Fluid Authenticity: An Examination Of The Historiography Of Canada’s Aboriginal Peoples, 1965 – 2005

1921 words - 8 pages

How can you write about a culture whose history is passed on by oral traditions? Better yet, how can you comprehend a culture’s past which a dominant society desired to assimilate? These two questions outline the difficulty in understanding the historiography of Canada’s Aboriginal peoples. In 2003, Paige Raibmon published her article, “Living on Display: Colonial Visions of Aboriginal Domestic Spaces.” Her work, although focused on Canada’s colonial “notions of domesticity,” presents the role of Aboriginals as performers to European notions of indigenous culture and identity. Early social historians believe that Aboriginals’ place in history is in their interactions with European Jesuits. A decade later, historians argue Aboriginals exemplify a subordinate culture fighting against assimilating and hegemonic forces. More recently, social historical perspective shows Aboriginals as performers of the white-man’s constructed “authentic-Indian.” Obviously, there is disparity between historians’ viewpoints but each decade’s published histories concur with James Opp and John Walsh’s concept of local resistance. Using Raibmon’s paper as a starting point, a chronological examination of select histories reveals an evolving social historiography surrounding historians’ perceptions of Aboriginals’ local resistance attempts.
Before a select historiographical study on historians’ approaches to Aboriginals’ historical role can be addressed, the views and evidence presented by Raibmon require contextual examination. Raibmon maintains that to satisfy European colonizers’ perceptions of the Aboriginal, pressure from 19th century colonial missionaries, government, tourists, and anthropologists resulted in the creation of exhibits of Aboriginals’ domestic spaces. She expands her point, saying, “[w]hile the forces of colonial society urged Aboriginal people to adopt bourgeois values of privacy and domesticity,” these same forces constructed “Aboriginal homes and private spaces into public spectacles.” Raibmon interprets this colonial tampering in Aboriginal domesticity, as leaving an ironically contradictory perception of Aboriginals. She makes it clear that this resulting ambiguous concept is a purely colonial assumption. She outlines that Aboriginals’ connected domestic space and self through “the idea that form can change without foreclosing continuity.” As well, Raibmon articulates that not all Aboriginals were resistant to exploitation as colonial spectacle and entertainment. In fact, multiple Aboriginals commercially advanced themselves by selling ‘authentic’ souvenirs and “[v]oluntarily submitting to living on display.” By incorporating this non-elite perspective, Raibmon demonstrates an understanding of Aboriginals’ local resistance.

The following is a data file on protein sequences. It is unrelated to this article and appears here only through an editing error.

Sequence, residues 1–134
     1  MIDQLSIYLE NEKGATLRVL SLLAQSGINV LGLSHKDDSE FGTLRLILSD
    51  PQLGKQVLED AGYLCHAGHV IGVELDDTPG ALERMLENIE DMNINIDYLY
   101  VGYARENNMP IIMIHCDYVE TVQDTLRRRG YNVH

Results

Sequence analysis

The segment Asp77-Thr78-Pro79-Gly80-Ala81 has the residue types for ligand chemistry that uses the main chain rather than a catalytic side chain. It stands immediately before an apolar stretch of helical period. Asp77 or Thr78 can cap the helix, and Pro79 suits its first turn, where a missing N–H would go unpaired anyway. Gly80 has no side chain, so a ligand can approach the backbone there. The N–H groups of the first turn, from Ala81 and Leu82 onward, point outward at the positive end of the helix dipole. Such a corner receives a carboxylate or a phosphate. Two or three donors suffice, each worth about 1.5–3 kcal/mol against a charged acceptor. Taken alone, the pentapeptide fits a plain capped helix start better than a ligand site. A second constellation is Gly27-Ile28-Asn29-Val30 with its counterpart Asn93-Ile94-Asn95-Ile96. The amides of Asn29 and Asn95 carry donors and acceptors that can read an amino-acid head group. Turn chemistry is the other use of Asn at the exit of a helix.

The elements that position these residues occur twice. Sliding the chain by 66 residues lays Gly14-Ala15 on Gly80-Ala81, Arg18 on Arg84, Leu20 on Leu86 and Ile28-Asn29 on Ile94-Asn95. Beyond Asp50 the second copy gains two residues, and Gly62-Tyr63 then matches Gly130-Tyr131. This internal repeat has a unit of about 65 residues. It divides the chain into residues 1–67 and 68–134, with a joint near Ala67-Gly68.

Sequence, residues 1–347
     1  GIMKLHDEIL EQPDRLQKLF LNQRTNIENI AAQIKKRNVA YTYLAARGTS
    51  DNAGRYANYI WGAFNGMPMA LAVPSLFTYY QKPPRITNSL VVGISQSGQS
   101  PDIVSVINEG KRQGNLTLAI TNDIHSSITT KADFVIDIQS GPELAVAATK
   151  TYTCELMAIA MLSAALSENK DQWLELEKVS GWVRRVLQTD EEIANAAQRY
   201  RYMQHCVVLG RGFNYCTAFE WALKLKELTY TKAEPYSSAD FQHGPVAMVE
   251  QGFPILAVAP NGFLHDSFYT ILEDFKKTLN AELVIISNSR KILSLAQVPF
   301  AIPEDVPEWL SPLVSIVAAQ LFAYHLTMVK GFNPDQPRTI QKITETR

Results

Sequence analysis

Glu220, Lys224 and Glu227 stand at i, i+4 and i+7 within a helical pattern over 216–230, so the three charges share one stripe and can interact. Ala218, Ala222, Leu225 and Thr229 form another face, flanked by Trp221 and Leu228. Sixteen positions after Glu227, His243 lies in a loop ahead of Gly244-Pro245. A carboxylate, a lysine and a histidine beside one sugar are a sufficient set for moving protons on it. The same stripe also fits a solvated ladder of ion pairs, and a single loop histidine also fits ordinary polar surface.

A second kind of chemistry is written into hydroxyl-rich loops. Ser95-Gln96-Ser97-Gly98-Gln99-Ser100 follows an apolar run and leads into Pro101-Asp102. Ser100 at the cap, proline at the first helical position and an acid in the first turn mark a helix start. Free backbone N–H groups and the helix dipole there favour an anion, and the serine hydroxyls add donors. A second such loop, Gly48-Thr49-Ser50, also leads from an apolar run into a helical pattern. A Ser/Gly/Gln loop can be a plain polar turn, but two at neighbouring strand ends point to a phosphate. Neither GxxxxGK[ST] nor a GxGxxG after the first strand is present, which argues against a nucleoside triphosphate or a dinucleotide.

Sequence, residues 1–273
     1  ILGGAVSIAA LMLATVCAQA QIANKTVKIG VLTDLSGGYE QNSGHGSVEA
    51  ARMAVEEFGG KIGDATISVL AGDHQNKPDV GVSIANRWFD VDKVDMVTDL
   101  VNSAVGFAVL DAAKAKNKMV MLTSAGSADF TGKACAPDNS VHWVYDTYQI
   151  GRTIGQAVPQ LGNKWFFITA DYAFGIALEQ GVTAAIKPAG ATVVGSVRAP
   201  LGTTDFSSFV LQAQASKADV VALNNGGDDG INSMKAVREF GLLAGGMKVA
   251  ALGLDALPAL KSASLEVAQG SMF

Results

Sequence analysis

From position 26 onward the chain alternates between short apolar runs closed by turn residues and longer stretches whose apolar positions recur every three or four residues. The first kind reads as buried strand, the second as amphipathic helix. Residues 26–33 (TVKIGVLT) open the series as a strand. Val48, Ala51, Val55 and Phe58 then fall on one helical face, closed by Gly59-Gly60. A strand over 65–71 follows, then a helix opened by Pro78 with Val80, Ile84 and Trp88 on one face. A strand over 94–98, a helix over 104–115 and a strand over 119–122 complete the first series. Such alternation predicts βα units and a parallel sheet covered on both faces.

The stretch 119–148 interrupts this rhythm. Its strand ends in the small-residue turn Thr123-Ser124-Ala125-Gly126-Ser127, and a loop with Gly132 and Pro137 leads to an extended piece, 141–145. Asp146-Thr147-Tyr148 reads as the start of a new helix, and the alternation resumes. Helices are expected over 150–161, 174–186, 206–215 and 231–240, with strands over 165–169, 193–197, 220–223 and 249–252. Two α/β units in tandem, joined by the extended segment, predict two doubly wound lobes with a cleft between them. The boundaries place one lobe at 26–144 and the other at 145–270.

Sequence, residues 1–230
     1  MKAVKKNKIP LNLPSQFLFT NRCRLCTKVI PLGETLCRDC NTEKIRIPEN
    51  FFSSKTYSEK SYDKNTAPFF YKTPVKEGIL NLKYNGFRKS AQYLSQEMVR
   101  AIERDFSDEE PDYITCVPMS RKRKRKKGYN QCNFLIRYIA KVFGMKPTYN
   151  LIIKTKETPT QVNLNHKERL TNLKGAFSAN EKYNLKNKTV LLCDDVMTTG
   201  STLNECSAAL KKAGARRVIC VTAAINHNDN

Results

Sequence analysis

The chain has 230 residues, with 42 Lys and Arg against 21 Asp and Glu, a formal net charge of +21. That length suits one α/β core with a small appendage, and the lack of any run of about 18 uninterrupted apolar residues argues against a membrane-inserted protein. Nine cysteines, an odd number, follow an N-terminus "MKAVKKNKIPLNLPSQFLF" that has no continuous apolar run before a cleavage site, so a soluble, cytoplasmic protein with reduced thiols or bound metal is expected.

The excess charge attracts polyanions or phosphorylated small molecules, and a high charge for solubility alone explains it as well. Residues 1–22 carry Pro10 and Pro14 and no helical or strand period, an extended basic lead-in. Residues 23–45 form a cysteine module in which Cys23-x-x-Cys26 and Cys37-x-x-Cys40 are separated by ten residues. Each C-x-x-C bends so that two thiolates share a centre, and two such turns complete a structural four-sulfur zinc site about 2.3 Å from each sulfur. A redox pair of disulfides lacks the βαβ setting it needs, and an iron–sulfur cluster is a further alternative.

In comparison to Raibmon’s work, examining the articles by historians Bruce Trigger, Morris Zaslow and James Ronda – respectively published in 1965, 1966, and 1972 – underscores a shift in historians’ attitudes...

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